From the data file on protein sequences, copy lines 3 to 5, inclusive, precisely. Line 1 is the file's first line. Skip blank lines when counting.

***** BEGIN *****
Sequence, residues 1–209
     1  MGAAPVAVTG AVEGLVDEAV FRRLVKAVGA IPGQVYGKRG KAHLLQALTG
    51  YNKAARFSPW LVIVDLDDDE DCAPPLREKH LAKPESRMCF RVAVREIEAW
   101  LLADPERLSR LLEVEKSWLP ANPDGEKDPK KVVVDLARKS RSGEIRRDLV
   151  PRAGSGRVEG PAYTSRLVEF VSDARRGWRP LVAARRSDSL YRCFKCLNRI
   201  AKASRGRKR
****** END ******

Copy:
    51  YNKAARFSPW LVIVDLDDDE DCAPPLREKH LAKPESRMCF RVAVREIEAW
   101  LLADPERLSR LLEVEKSWLP ANPDGEKDPK KVVVDLARKS RSGEIRRDLV
   151  PRAGSGRVEG PAYTSRLVEF VSDARRGWRP LVAARRSDSL YRCFKCLNRI